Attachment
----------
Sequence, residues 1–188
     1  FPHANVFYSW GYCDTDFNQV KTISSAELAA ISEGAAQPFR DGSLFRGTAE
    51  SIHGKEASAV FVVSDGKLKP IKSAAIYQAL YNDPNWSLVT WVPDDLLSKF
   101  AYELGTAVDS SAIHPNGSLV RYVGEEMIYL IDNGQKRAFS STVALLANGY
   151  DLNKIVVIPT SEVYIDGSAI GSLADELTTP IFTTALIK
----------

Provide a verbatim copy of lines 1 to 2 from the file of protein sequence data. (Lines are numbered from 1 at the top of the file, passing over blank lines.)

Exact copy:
Sequence, residues 1–188
     1  FPHANVFYSW GYCDTDFNQV KTISSAELAA ISEGAAQPFR DGSLFRGTAE